Suzanne DiMaggio, a senior fellow at the Carnegie Endowment, agreed that Bolton is a “repeat offender of intelligence manipulation.” But she fears that the Trump administration’s latest moves—bolstering its military presence in the Middle East, escalating rhetoric—will become a self-fulfilling prophecy, goading Iran into responding in kind, and giving Bolton and other hard-liners the justification they need to launch another war.
“No matter what you think is happening, the one thing that we know for sure is that tensions and hostilities are coming to a boiling point,” she said. “And for me, my greatest worry is a military conflict that occurs due to a miscalculation.”
In the event of a miscalculation, DiMaggio fears, “Trump doesn’t have the judgment or the skill needed to manage a conflict before it spirals out of control.” With the Iran nuclear deal, President Barack Obama helped institutionalize a set of incentives for Iran to behave—and for future US administrations to negotiate with Iran’s government in good faith. By withdrawing from that multi-national framework, Trump put the United States at odds with its European allies—which were proponents of keeping the nuclear deal intact—and on a collision course with Iran that was arguably bound to end in conflict.
For Bolton, it may all be by design. “Bolton has figured out how to get his way—in Venezuela, now in Iran, simply moving ahead on what certainly looks like a revival of neocon policy,” the former senior US official told me. “And for whatever reason, Trump is on board or perhaps doesn’t care. Or doesn’t notice.”
Abigail Tracy is a staff news writer for the Hive covering foreign policy and national security.
That Time John Bolton Said It’s Good To Lie About War
“We are in the game of using covert means against the Iranians. We could get nastier at that.” — Patrick Clawson
(May 16, 2019) — Journalist Whitney Webb recently tweeted a 2010 video clip I’d never seen before featuring US National Security Advisor John Bolton defending the use of deception in advancing military agendas, which highlights something we should all be paying attention to as Trump administration foreign policy becomes increasingly Boltonized.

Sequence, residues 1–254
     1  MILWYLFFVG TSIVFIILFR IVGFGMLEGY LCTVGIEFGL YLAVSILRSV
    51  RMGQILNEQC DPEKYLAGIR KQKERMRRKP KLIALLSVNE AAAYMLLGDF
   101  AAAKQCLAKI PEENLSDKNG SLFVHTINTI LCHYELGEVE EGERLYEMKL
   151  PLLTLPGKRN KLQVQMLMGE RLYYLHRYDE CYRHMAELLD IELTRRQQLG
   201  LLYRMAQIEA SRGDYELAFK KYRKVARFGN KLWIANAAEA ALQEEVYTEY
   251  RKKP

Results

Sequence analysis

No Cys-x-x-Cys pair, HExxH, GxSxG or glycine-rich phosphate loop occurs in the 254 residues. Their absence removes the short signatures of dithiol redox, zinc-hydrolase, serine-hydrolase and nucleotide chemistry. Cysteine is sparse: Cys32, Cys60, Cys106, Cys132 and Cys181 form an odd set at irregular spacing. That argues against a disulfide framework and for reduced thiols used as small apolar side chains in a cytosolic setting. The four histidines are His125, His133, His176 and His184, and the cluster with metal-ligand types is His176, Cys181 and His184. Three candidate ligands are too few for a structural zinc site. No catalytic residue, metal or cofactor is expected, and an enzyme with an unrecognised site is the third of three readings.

On a December 2010 episode of Fox News’ Freedom Watch, Bolton and the show’s host Andrew Napolitano were debating about recent WikiLeaks publications, and naturally the subject of government secrecy came up.
“Now I want to make the case for secrecy in government when it comes to the conduct of national security affairs, and possibly for deception where that’s appropriate,” Bolton said. “You know Winston Churchill said during World War Two that in wartime truth is so important it should be surrounded by a bodyguard of lies.”
“Do you really believe that?” asked an incredulous Napolitano.
“Absolutely,” Bolton replied.
“You would lie in order to preserve the truth?”
“If I had to say something I knew was false to protect American national security, I would do it,” Bolton answered.
“I don’t think we’re often faced with that difficulty, but would I lie about where the D-Day invasion was going to take place to deceive the Germans, you’d better believe it,” Bolton continued.
“Why do people in the government think that the laws of society or the rules don’t apply to them?” Napolitano asked.
“Because they are not dealing in the civil society we live in under the Constitution,” Bolton replied. “They are dealing in the anarchic environment internationally where different rules apply.”
“But you took an oath to uphold the Constitution, and the Constitution mandates certain openness and certain fairness,” Napolitano protested. “You’re willing to do away with that in order to attain a temporary military goal?”
“I think as Justice Jackson said in a famous decision, the Constitution is not a suicide pact,” Bolton said. “And I think defending the United States from foreign threats does require actions that in a normal business environment in the United States we would find unprofessional. I don’t make any apology for it.”
So that’s a thing. And it’s important for us to know it’s a thing because of the way things are heating up in Iran right now, since Bolton’s fingerprints are all over it.
Bolton has long been calling for war with Iran and in a paid speech in July 2017 told his pro-regime change MEK terror cult audience that they would be celebrating the successful overthrow of the Iranian government together before 2019.